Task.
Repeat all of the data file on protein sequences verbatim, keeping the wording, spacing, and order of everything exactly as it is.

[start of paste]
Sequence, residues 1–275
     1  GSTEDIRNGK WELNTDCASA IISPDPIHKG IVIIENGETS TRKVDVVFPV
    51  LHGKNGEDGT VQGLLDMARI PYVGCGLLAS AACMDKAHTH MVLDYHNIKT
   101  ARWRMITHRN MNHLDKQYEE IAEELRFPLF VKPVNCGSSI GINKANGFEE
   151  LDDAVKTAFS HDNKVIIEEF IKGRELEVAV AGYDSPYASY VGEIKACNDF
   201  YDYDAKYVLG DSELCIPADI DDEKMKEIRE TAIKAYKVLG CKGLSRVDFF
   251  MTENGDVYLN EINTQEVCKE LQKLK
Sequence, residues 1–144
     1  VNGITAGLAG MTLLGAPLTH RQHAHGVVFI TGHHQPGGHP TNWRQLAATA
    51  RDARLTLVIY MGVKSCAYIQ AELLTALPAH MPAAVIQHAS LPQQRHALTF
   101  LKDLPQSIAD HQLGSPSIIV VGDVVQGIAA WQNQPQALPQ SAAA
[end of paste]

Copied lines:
Sequence, residues 1–275
     1  GSTEDIRNGK WELNTDCASA IISPDPIHKG IVIIENGETS TRKVDVVFPV
    51  LHGKNGEDGT VQGLLDMARI PYVGCGLLAS AACMDKAHTH MVLDYHNIKT
   101  ARWRMITHRN MNHLDKQYEE IAEELRFPLF VKPVNCGSSI GINKANGFEE
   151  LDDAVKTAFS HDNKVIIEEF IKGRELEVAV AGYDSPYASY VGEIKACNDF
   201  YDYDAKYVLG DSELCIPADI DDEKMKEIRE TAIKAYKVLG CKGLSRVDFF
   251  MTENGDVYLN EINTQEVCKE LQKLK
Sequence, residues 1–144
     1  VNGITAGLAG MTLLGAPLTH RQHAHGVVFI TGHHQPGGHP TNWRQLAATA
    51  RDARLTLVIY MGVKSCAYIQ AELLTALPAH MPAAVIQHAS LPQQRHALTF
   101  LKDLPQSIAD HQLGSPSIIV VGDVVQGIAA WQNQPQALPQ SAAA